Ears of God
I like reading a variety of things that help me on my daily spiritual trek through life. Help comes from many and, sometimes, odd venues. Daily newspapers, magazines, preparation for classes and even notes on the wall have provided inspiration over the years. I am thankful for the myriad of revelational sources. But among the lot, no doubt the biblical text still ranks right up there as very important.
I am not one who thinks every verse in the Christian Bible is significant. I am ok thinking that the Bible, as a whole, is inspired. But it is difficult for me to think every sentence or word is divinely inspired. That would require an extensive discussion, of course, on what “inspiration” means, how it happens, etc. I actually don’t have too much interest in that discussion and, certainly, have no interest in pursuing in here. Suffice it here to acknowledge that inspiration means to help, encourage, to light up your life. God certainly does that; but so do other people.
One of the best things I do for my daily spiritual trek is to follow the daily lectionary. A lectionary is pre-set readings to augment spiritual edification and growth. I choose to follow the one laid out for Benedictine monks. I appreciate that group of men and women who have dedicated their lives to something so focused and noble. I am sure any Benedictine would tell you it is quite possible to be a miserable monk, just like it is possible to be a miserable human being. But at least they are trying! And so am I!
One of the lectionary readings this morning came from Psalm 5. One of the things I like about the lectionary is the focus on the Psalms. There are always a few Psalms offered for the day. This continues to broaden me, since I grew up not seeing my own tradition do much with the Psalms. So each day I look forward to the Psalm selection.
Psalm 5 opens with these words: “Let my words come to your ears, O Lord…” When I read this, I smiled. What a wonderful image, I thought. I like the image that suggests God has ears. Why not, I reasoned. If I have words, surely there has to be someone to hear them. I have ears to hear. Everyone I know has ears to listen to me talk. Why not God? Fortunately, it is an image---a metaphor.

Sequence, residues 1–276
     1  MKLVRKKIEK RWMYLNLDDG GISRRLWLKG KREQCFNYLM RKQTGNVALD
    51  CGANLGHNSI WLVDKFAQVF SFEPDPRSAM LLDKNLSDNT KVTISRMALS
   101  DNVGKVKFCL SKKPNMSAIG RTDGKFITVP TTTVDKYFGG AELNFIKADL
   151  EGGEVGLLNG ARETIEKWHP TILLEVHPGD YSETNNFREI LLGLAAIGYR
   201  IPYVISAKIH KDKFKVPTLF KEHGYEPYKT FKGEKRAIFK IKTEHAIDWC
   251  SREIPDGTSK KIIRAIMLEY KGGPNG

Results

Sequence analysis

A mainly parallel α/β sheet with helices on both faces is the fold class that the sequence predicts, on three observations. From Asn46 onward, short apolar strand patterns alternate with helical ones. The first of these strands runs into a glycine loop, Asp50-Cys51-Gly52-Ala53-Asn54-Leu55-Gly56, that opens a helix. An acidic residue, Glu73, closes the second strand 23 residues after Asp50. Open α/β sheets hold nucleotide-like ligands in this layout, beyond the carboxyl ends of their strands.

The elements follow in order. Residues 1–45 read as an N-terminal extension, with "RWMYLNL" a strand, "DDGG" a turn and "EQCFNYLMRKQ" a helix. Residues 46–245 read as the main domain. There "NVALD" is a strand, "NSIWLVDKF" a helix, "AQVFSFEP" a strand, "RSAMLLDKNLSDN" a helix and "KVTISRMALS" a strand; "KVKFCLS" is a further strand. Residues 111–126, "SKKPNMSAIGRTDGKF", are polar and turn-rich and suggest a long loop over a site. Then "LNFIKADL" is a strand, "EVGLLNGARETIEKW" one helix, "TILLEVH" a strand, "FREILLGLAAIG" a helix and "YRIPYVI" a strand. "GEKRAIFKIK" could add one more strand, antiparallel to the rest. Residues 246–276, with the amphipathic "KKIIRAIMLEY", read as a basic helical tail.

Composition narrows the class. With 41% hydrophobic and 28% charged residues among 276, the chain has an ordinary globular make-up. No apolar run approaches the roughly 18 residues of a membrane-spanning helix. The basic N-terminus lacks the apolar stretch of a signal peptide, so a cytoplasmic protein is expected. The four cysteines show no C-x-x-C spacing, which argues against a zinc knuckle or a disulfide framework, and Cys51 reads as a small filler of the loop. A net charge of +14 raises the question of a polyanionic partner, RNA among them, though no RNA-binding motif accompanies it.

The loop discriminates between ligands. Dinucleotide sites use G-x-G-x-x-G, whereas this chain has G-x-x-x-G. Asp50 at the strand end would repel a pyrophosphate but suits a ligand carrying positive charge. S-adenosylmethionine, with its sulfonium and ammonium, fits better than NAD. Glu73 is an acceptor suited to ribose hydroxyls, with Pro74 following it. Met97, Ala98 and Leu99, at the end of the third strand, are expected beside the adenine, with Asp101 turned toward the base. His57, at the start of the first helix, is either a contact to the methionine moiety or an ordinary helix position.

Of course, I do not think God literally has ears…at least, physical ears. But I began to reason more deeply. Actually it is not my physical ears---those lobes on the side of my head (called the pinna)---that enable me to hear. I appreciate those physical markers. Without them I would look odd. It is not that they are that beautiful, but since everyone has those ears, we come to assume that is “normal.” But I could whack off the physical ears and still hear.
I could still process the sound wave that comes into the holes in the side of my head. Thinking even more deeply, I suppose it is more true to say that my brain is my literal ear. The brain processes the sound waves to “make sense” of them. The brain determines what I “hear.” Until the brain gets it, a sound is simply airwaves translated into electrical signals.
So perhaps God is more like the brain than the outer ear (pinna). God is like a cosmic brain or Mind to Whom humans send words. God processes our words, hears our requests and begins to make sense of what we pray, ask, tell, plead, complain, etc. I think God hears us, but does not always hear us the way we want God to hear us.
For example, I have doubtlessly asked God to help me when, in fact, God knew I should actually help myself! God wants me to learn to be responsible and not a wimp! But let’s assume the words I send to the Lord make perfect sense. I believe God always stands ready to be present and to be helpful…whatever that means in the moment.
We all know there are times when life becomes difficult. At that time, we join the Psalmist in petitioning God to “hear my sighs.” Those sighs are sounds, too, but unlike words, we can only hope God knows what to do with them. If effect, I am asking God to help me in ways I can’t even imagine being helped. There certainly are times I am sure God knows what I need better than I know. Thank God!
As I begin my day, I use the words of Psalm 5:3: “Lord, listen to my voice in the morning; in the morning I stand before you and await you.” If I can practice standing before God and awaiting the Divine Presence to come to me, surround me, engulf me and transform me, then not only will the day go better, but my life will go very well. It seems simplistic and, perhaps, nonsensical. Most people just get on with life and do it on their own. But there is a secret (and it is not so secret). Life goes better if you just send a word into the ears of God.